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Astron. Astrophys. 340, 476-482 (1998)

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1. Introduction

The group of extreme helium stars (EHes) at present comprises some 20 objects. These stars have early-type spectra dominated by strong neutral helium, singly-ionized carbon and almost undetectable Balmer lines. Most show high luminosity-to-mass ratios. Indicators such as galactic location and pulsation point to masses in the range 0.7 to 1.0 [FORMULA]. Their surface gravities imply luminosities typical of post-asymptotic giant branch stars ([FORMULA]). The question posed is how they come to have typical photospheric hydrogen abundances of less than one part in [FORMULA] or, in other words, what is their evolutionary status?

Previous studies of surface abundances in extreme helium stars (Jeffery 1996) have demonstrated that, in addition to hydrogen, their photospheres show anomalous proportions of carbon, nitrogen and oxygen, and other elements. These are indicative that in general the surface helium is the product of CNO cycling, and that there is a significant contamination by material that has been converted to carbon and possibly oxygen by [FORMULA]burning processes. The origin of other abundance anomalies, including those of neon and phosphorous remains undetermined.

The simultaneous presence of traces of primordial stellar material and CNO- and [FORMULA]- processed waste in the stellar photosphere points to a history that includes considerable mixing between layers of a highly evolved star. The principle hypotheses proposed to explain this mixing involve either a late helium flash in a cooling white dwarf or the coalescence of a helium and carbon-oxygen white dwarf. More precisely, these are the late thermal pulse (LTP) model of Iben et al. (1983) or the very late thermal pulse (VLTP) model of Blöcker & Schönberner (1997) and the merged binary white dwarf (MBWD) model of Webbink (1984) and Iben & Tutukov (1985).

The question of the origin of the extreme helium stars is closely related to that of the R Coronae Borealis stars. These cooler stars have photospheric abundances very similar to those of the extreme helium stars, although the carbon abundance has proved difficult to establish (Asplund 1997). A major study of abundances in these objects (Lambert et al. 1997) prefers the LTP model as origin.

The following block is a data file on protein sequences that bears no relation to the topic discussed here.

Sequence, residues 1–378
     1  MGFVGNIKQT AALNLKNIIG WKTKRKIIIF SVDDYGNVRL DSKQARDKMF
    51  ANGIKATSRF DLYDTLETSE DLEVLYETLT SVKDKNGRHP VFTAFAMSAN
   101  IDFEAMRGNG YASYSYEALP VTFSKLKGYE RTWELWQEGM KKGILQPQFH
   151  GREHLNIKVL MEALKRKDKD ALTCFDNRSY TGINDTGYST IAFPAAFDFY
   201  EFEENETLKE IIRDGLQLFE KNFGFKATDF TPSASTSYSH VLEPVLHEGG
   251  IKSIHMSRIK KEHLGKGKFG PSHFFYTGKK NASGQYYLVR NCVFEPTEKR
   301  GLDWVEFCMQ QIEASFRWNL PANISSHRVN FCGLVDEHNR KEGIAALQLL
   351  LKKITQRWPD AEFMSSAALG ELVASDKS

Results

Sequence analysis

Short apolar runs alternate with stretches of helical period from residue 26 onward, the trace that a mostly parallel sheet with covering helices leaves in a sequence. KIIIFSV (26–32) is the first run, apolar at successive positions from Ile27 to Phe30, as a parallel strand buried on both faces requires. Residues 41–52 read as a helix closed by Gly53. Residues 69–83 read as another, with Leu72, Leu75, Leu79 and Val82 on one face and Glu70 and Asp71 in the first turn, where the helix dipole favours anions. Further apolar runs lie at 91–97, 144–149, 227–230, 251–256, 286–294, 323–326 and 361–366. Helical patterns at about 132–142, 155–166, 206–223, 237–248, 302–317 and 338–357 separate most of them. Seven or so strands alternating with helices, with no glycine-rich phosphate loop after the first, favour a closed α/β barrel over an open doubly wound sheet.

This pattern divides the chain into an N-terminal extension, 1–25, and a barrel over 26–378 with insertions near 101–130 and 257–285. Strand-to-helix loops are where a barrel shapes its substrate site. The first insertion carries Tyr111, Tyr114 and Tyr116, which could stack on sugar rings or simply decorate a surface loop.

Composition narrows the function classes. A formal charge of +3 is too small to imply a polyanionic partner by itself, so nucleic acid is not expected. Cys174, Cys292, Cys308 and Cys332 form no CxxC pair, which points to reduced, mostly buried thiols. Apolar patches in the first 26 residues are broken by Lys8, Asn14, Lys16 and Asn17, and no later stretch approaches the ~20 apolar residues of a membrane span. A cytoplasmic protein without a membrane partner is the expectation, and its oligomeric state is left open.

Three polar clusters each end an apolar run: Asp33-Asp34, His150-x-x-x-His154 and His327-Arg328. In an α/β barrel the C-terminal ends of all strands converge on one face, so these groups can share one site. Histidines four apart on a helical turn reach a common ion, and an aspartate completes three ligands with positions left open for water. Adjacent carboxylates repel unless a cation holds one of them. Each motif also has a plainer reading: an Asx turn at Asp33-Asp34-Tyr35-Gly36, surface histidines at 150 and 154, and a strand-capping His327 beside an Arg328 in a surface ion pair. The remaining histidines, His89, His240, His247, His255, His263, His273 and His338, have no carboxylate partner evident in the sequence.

Although a general picture of the photospheric abundances in helium stars can be given in a few sentences, individual stars show large deviations from the mean (Jeffery 1996). Thus their evolutionary origin (or origins) must be capable of generating a wide range of outcomes. A study of abundances in extreme helium stars has been in progress for several years in an effort to delimit this range and analyses of some ten EHes have been completed. This study presents results for the remaining EHes with effective temperatures between 14 000 and 30 000 K.

The extreme helium stars LSS 4357, LS II[FORMULA] and LSS 99 were all discovered by Drilling during his surveys of OB+ stars in the Milky Way (Drilling & Hill 1986, Vijapurkar & Drilling 1993). A preliminary analysis of these stars was made by Heber et al. (1986), together with the extreme helium star LSE 78, who concluded that their effective temperatures were in the range 14 000 to 20 000 K and that their surface gravities were lower than covered by their grid of LTE model atmospheres. This study refines that earlier conclusion by applying the method of fine analysis to high resolution optical spectra. As a consequence of the rich absorption line content of these spectra, conventional line-by-line techniques have been superceded by large-scale spectral synthesis methods introduced here.

These analyses provide abundance measurements for most of the astrophysically important light elements and are consistent with previous studies of other extreme helium stars. Together with work on four cooler helium stars nearing completion (Pandey et al., in preparation), this contribution will establish a comprehensive picture of the abundances in helium stars and will be reviewed in a concluding paper.

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© European Southern Observatory (ESO) 1998

Online publication: November 9, 1998
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